Just when you thought Lollywood had run out of genres that it could have made a hotchpotch out of, along comes Baaji. After a finance-driven fixation with heist comedies, romance being merged with pretty much everything and psychological sci-fi mergers – as discussed last week – Lollywood’s latest crossover is between a biopic and a murder mystery.
What is especially remarkable in this particular amalgamation is that it really is none of the genres that it might tout itself as. In fact, by the time you come out of the cinema hall – if you do make it that far, that is, both going in or coming out – you might start wondering if what you watched on the big screen was actually a feature film to begin with.
The film is set in a crossover between a parallel universe and old school Lollywood, which is being pushed back and taken over by a new stream of Pakistani films.
The storyline follows the life of Shameera (played by Meera), a once famous star now struggling to regain her lost glory. Of course, this should be your cue to lower your expectations, especially on the creativity and originality fronts.
Baaji then continues to follow the lead of its peers and fills itself with half-hearted drama, ineligible plot twists, superfluous romance and, obviously, glamour galore. Whether the sum turns out to be more than these convoluted parts is for you to decide – and also sort of obvious.
Baaji will take you along in a journey that features Shameera’s personal and professional struggles. The very first scene of the movie shows a glammed up Shameera shooting an item song when she falls and breaks her leg.
The Lollywood backdrop in this latest Lollywood offering is where one feels the parallel universe overlapping perhaps with Meera’s own story – the name Shameera, and Meera virtually playing herself are further giveaways. Oh and there’s that leaked video clip as well, if anyone had any doubt.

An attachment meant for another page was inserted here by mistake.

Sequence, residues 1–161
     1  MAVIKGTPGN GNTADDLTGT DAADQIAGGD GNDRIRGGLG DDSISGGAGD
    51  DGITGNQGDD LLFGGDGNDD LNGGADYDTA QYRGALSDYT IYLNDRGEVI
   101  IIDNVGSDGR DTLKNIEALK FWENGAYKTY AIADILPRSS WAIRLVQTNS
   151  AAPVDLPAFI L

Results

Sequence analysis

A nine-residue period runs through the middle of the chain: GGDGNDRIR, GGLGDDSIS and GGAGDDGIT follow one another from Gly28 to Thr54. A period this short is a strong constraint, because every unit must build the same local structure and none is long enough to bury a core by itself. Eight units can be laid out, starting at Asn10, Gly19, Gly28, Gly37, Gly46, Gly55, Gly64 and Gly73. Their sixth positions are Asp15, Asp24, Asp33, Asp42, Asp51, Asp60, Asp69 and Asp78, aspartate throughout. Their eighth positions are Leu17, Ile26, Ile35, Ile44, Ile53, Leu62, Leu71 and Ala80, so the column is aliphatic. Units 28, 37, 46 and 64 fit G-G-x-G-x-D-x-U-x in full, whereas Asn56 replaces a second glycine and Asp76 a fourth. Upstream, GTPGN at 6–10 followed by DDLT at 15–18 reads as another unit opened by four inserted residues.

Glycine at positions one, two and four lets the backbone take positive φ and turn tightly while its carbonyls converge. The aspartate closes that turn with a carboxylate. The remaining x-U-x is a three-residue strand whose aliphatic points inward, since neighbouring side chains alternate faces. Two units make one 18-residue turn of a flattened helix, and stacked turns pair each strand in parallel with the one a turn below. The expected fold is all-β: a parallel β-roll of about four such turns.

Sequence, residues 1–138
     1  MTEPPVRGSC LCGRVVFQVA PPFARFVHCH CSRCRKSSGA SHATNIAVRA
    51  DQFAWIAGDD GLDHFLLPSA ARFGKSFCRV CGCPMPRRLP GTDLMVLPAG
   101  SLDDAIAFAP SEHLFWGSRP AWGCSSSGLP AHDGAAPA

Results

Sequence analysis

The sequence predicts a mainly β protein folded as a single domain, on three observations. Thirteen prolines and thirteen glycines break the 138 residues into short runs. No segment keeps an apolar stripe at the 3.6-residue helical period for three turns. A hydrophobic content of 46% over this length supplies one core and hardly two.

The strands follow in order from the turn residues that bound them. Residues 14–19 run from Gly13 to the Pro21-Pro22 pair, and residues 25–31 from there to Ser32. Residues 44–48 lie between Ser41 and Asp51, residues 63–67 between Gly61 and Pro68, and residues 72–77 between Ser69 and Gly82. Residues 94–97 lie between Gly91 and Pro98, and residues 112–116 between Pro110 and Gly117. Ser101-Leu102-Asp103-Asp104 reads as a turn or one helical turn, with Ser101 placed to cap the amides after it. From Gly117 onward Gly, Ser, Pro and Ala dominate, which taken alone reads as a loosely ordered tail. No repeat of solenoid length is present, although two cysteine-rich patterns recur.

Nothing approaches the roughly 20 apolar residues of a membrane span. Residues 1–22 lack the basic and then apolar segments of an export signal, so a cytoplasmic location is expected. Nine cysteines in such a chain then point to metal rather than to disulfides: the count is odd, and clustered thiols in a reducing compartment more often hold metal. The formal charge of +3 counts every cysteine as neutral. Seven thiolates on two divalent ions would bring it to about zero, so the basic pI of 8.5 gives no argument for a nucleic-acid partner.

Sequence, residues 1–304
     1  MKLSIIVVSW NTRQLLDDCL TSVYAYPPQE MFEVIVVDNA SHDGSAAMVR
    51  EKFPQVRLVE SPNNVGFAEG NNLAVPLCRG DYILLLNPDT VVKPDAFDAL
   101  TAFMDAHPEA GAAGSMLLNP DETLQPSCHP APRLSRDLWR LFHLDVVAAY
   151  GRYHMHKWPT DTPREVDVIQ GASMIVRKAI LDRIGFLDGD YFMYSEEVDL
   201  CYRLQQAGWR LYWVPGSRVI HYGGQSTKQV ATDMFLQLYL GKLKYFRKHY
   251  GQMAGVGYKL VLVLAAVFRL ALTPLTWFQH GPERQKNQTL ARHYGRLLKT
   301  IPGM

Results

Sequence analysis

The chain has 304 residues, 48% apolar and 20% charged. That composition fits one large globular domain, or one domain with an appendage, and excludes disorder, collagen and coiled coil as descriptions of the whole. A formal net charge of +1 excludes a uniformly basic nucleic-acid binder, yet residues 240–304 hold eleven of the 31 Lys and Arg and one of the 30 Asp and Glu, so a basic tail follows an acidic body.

Shameera’s story continues with the entry of a Pakistani-American director, Rohail Khan (Osman Khalid Butt), who returns all the way from Hollywood to play his part in the ‘revival of the local cinema’. Rohail Khan is supposed to be a very kind, sensitive man with a vision. The same is expected of all of you to show kindness and sensitivity towards the film industry and buy the tickets even if they absolutely do not offer any value for your hard earned money.
Then there’s Neha (Amna Ilyas), Shameera’s manicurist who goes on to become her secretary. Neha, too, has had obstacles to overcome and displays naivete that the audience is expected to replicate. And as you, the viewer, continue to watch the film, you will eventually start questioning the decision-making skills of both.
Despite the multitude of oddities, it is the movie’s transition from a Lollywood tell-all to a murder mystery that is truly outrageous even by the local film industry’s standards. And when that happens, you know that it’s not just a film character who has been murdered.
In an ideal world we should be able to critique the editing and transitions – along with a lot of aerial shots, could have been done in a much better and smoother way. However, in a film about Lollywood actors, one should be able to talk about the quality of acting – which had nothing to write home about.
If Meera was indeed playing herself, one would have to tell her that she is definitely a much better actor than she – or indeed the director Saqib Malik – make her out to be.
Baaji might actually be self-parody within a spoof that none of us has the capacity to understand. But at face value it has murder, mystery and a biopic – even if the mystery isn’t centered solely around the murder and the bio isn’t necessarily related to the picture itself.